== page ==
What’s great about that is in a vacation home market like that, my payment was only $800/month, and the market rent on that was around $1,400-$1,500. So that’s a different type of 0% deal that I came across, because I inherited a loan mod…

Joe Fairless: Will you summarize that real quick one more time, just to make sure I’m following?

Matt Recore: Yeah, so the bank negotiated to split the balance up, and they took 160k and they said to the previous owner, “Okay, 160k of that we’re gonna fully amortize at 2% interest, and then we’re gonna take 100k of the balance and we’re gonna put that on the shelf and you’re gonna have no payments and no interest on that. It’ll be due when the property sells in 20 years, or when this loan is paid off, but we’re not gonna have you pay anything on it.” So really, the balance, all that was being paid down was the 160k at 2% interest. That became a great monthly deal, especially in that market, South Lake Tahoe – it’s tough to find inventory there, it’s tough to build there, it’s tough to get deals and it’s tough to cash-flow.

I actually partnered on that with someone in my office who works for me, and he goes to Tahoe all the time, and we kind of used that as part of the compensation package, and we partnered on that deal, because he was gonna be using it a ton… So  yeah, we kept that in the office, and he got a huge win out of it.

Joe Fairless: Based on your experience as a real estate investor, what is your best real estate investing advice ever?

Matt Recore: Best advice ever would be to get started. Just do it, and learn — every day you go to school in this business; every day I learn something new, every day I’m growing and expanding, and applying what I learned six months ago, today, or what I learned today to a situation that’s coming up… So the best advice is to get in the game and just continue to learn and grow.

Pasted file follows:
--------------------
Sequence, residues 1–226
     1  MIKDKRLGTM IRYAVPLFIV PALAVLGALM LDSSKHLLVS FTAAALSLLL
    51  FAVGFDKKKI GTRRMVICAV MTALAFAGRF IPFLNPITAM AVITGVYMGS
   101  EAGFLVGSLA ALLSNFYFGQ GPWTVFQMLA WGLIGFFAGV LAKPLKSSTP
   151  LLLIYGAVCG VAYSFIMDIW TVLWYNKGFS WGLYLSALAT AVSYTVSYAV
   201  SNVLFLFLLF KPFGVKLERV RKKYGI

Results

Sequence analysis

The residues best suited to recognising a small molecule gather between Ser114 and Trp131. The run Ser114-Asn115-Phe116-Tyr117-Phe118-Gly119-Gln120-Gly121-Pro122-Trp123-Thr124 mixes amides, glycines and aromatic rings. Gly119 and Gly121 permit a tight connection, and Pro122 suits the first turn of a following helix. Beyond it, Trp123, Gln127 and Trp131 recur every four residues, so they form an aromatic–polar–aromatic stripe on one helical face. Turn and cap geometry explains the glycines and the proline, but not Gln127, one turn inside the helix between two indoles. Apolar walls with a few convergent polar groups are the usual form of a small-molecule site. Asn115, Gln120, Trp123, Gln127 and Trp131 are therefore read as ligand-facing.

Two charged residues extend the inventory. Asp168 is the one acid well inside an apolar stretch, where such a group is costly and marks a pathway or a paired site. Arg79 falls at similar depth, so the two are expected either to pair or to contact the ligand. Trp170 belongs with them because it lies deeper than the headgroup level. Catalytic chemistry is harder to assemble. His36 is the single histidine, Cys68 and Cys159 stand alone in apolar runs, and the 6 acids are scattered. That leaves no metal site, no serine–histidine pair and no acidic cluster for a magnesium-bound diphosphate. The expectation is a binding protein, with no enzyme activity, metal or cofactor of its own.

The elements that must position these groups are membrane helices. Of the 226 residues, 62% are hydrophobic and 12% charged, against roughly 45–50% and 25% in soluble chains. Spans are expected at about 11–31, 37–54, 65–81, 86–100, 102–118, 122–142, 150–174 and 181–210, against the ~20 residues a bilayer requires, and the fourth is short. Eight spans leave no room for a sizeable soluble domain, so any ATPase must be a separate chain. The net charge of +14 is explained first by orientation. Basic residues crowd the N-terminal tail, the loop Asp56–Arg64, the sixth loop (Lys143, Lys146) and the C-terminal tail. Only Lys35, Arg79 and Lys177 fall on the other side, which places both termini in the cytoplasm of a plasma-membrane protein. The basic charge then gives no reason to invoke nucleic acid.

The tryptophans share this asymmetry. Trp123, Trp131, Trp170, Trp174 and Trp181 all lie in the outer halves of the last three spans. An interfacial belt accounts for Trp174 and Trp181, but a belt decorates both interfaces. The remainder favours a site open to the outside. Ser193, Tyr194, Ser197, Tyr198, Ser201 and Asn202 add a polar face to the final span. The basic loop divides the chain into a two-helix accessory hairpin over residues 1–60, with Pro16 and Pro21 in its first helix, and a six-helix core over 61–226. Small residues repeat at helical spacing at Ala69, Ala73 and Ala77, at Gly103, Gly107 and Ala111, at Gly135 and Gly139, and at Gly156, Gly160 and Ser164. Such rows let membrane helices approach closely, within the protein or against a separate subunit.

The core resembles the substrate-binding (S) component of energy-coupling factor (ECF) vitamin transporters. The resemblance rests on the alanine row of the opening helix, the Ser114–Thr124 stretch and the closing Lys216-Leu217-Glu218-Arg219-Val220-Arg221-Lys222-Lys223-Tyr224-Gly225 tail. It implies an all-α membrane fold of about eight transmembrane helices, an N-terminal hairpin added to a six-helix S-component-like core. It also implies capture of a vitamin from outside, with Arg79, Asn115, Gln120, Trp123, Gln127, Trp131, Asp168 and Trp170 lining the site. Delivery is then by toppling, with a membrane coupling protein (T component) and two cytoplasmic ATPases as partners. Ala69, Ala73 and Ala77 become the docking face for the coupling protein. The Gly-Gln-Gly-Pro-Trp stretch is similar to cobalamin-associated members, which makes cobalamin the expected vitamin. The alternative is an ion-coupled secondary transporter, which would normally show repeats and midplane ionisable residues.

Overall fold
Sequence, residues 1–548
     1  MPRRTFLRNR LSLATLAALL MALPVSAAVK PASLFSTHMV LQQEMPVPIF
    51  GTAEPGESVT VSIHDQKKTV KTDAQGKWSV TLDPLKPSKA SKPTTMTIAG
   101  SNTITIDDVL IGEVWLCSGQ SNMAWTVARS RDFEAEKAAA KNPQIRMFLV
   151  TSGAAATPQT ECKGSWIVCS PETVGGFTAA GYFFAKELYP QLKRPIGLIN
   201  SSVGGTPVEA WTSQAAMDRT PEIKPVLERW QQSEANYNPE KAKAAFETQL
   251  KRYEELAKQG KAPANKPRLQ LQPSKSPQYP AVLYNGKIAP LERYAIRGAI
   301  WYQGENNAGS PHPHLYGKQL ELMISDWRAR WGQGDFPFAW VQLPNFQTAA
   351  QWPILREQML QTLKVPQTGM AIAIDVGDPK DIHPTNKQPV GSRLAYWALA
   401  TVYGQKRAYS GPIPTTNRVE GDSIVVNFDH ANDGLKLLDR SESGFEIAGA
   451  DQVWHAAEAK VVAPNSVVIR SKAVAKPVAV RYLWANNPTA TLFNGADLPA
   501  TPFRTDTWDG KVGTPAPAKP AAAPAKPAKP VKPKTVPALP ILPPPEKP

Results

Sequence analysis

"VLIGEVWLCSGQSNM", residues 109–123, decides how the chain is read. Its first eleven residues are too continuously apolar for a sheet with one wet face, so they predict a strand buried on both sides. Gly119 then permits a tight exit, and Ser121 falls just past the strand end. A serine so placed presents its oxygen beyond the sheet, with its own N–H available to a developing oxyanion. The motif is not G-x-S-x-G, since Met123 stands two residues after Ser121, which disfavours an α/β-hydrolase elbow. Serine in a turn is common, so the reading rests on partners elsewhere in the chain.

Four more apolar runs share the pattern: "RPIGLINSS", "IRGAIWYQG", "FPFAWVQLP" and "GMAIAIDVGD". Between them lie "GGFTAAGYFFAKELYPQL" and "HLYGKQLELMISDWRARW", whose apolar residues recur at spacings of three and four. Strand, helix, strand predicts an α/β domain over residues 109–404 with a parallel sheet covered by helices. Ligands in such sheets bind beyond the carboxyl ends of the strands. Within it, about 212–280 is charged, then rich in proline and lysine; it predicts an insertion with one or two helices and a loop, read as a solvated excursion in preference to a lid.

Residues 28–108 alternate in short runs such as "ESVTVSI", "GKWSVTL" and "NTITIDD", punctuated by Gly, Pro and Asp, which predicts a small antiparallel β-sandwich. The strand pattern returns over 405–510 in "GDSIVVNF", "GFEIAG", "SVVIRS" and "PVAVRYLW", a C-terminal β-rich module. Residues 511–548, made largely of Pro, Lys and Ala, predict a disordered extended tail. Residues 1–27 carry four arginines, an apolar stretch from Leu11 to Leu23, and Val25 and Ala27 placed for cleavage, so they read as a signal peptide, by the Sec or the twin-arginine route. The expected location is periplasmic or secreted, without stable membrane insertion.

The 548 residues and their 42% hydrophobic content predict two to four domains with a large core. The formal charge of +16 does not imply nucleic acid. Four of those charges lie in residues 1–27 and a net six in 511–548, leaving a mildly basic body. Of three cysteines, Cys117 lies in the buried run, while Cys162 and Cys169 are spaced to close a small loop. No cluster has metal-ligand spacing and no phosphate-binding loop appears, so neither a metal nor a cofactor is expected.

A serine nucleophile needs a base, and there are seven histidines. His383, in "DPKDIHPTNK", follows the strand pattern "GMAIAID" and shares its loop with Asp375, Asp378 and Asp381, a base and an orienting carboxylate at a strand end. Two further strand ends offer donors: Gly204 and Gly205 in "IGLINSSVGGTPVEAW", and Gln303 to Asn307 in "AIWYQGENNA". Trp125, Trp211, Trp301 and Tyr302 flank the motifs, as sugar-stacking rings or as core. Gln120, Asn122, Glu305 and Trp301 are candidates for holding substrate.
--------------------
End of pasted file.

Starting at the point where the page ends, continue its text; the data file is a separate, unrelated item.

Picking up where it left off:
Your knowledge is cumulative, so you’re gonna make better decisions as times goes on, and it’s always best to mitigate your risk and plan for the worst-case scenario; also know the best-case scenario, and be very careful about leverage and about liquidity crises that can happen. Don’t put yourself  or allow yourself to be in a position to where you’re gonna experience a liquidity crisis.

Joe, there’s probably about six different pieces of advice there…

Joe Fairless: There were, and that’s helpful, and even as much or perhaps more for some listeners your approach to how you’re doing these deals… Because you’re living and breathing exactly what you mentioned; it’s a cumulative process (the learning), and you started one way, and now you’ve evolved it based on your education to another way, and it’s working even in a market that is incredibly competitive.

In your second deal example you were working with a former loan officer. They know their stuff, or they should know their stuff, and the creative aspect of this wasn’t how you got the deal, it was the actual loan… So if the loan officer is approving it because it makes sense for him, then it’s something that could work for other people, too.

We’re gonna do a lightning round. Are you ready for the Best Ever Lightning Round?

Matt Recore: Sure, let’s go.

Joe Fairless: Alright, let’s do it. First, a quick word from our Best Ever partners.

Break: [00:19:01.11] to [00:20:01.20]

Joe Fairless: Okay, best — you know, I’m changing this question up… How about what’s the best book that you’ve read most recently?

Matt Recore: Oh man, best book recently… A book that I’ve gotten a ton out of recently has been “Loving What Is”, by Byron Katie. That’s impacted me the most, and the principles behind [unintelligible 00:20:19.24] have impacted me the most.

Joe Fairless: Best ever deal you’ve done that we have not talked about?